9. Was the Holy Spirit speaking through the retreat master of the planetary phase, Dominican Father Timothy Radcliffe, former master of the Order of Preachers, given his rather ambiguous orthodoxy on moral matters related to sexuality? What does it mean that he was chosen instead of say, Cardinal Raniero Cantalamessa, preacher of the papal household for more than 40 years and a giant of the Spirit-driven Charismatic Renewal?

10. Was the Holy Spirit the animator of the planetary phase process, where discussions were tied tightly to an agenda of prefabricated topics and worksheets, with all interventions limited to three minutes and little, if any, time for back-and-forth discussion or debate? Did the management of the process make room for the parrhesia (frank speech) that Pope Francis has invited in synods?

11. Was the Holy Spirit acting through the two principal synod managers, Cardinal Mario Grech and Cardinal Jean-Claude Hollerich? Cardinal Grech, when a bishop in Malta, authored guidelines on Amoris Laetitia that proposed a novel understanding of conscience. Cardinal Hollerich has expressed his view that certain aspects of the Church’s teaching on sexuality are wrong. Does their presence inspire confidence that the Holy Spirit is leading the process?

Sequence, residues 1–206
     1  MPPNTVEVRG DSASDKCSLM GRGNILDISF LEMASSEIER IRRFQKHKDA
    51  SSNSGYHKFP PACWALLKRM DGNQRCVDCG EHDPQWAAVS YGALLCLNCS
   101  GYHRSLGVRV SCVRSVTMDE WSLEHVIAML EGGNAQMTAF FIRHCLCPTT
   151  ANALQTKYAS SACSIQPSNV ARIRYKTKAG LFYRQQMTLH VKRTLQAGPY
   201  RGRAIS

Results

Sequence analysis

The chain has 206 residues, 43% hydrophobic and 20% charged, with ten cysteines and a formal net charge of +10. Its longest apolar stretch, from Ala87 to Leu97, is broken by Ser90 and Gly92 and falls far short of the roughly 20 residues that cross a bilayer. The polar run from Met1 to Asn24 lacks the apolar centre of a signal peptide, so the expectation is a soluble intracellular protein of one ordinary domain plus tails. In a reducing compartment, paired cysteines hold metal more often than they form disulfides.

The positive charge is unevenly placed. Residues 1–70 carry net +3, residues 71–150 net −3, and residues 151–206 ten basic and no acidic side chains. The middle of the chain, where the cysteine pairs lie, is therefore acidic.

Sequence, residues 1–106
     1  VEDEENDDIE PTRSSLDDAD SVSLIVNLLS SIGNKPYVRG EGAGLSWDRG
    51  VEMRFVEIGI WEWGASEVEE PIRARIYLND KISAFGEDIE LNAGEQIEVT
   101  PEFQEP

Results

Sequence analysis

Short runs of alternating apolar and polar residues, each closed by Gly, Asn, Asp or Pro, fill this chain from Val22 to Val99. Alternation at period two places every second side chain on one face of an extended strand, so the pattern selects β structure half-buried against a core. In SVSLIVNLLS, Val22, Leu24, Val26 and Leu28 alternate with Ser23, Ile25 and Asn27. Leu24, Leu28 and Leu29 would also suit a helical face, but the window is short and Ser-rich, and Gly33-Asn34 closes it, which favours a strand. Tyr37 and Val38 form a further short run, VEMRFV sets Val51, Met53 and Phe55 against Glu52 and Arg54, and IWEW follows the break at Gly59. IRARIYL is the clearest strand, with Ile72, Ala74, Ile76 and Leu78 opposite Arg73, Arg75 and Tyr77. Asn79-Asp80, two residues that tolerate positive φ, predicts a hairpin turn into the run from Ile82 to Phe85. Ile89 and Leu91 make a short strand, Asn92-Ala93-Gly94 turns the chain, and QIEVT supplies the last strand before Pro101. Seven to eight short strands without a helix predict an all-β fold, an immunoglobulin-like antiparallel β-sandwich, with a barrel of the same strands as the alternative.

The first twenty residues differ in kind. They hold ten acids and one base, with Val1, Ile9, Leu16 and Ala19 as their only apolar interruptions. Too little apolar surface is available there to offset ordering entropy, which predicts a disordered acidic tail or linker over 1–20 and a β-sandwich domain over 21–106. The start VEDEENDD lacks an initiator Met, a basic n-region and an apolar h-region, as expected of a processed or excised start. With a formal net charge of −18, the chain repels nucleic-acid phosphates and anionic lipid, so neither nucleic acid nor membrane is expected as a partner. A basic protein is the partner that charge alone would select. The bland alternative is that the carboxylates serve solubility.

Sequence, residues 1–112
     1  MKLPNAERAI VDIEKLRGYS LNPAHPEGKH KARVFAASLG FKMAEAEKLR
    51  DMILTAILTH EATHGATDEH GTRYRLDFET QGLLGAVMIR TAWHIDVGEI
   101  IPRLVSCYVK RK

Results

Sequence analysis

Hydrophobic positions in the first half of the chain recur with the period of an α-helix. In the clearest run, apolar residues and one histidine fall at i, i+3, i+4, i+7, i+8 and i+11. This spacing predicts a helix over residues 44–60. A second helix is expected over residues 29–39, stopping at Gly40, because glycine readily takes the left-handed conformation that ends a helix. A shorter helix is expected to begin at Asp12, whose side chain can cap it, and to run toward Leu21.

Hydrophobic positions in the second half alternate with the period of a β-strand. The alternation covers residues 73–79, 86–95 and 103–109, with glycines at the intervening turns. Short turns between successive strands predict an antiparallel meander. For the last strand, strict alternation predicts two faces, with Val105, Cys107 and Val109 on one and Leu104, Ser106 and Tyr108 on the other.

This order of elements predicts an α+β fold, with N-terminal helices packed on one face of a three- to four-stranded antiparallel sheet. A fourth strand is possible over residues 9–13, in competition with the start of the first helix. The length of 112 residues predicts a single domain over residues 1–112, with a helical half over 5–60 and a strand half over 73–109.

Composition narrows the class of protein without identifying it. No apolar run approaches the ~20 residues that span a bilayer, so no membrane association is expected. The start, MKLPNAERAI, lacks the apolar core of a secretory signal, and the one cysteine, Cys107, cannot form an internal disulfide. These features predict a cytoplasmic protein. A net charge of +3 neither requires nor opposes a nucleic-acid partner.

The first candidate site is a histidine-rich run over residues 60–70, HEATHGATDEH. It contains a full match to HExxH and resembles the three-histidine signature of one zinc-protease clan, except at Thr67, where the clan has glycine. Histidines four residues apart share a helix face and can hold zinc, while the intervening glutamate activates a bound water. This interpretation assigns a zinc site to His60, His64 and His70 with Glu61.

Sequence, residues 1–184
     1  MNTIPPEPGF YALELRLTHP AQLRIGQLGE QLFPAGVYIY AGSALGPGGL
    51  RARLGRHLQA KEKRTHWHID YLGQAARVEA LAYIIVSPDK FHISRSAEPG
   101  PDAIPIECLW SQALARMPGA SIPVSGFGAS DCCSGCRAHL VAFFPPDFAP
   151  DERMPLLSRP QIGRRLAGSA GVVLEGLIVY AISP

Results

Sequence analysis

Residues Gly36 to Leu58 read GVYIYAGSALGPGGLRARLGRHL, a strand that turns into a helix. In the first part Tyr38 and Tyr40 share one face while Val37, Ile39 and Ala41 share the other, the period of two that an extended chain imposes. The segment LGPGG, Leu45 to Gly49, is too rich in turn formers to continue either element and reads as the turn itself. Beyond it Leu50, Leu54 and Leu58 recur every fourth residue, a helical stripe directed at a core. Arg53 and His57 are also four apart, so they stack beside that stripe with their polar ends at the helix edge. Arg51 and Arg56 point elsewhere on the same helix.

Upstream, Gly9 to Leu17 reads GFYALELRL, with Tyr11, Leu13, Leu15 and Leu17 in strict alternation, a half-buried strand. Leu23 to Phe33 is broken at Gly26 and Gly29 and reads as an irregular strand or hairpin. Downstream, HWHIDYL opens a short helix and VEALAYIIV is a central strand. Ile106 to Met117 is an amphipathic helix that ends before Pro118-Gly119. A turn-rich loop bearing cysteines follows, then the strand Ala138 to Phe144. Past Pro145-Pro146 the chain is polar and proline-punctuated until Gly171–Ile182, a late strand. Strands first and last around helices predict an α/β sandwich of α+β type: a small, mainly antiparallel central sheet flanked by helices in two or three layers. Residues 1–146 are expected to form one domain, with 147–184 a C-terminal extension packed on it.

12. The synodal assembly discussed the matter of blessings of same-sex couples and decided not to include that topic in the final summary report. At the very same time, unbeknown to the assembly participants, the DDF was preparing its declaration on blessings. Was the decision not to tell the synodal assembly what was afoot inspired by the Holy Spirit?

“Without the Holy Spirit there is no synod,” warned Pope Francis. There will be a synodal assembly this October. Will the Holy Spirit lead the process? Or will proper discernment be lacking, as Pope Francis judged to be the case in 2019?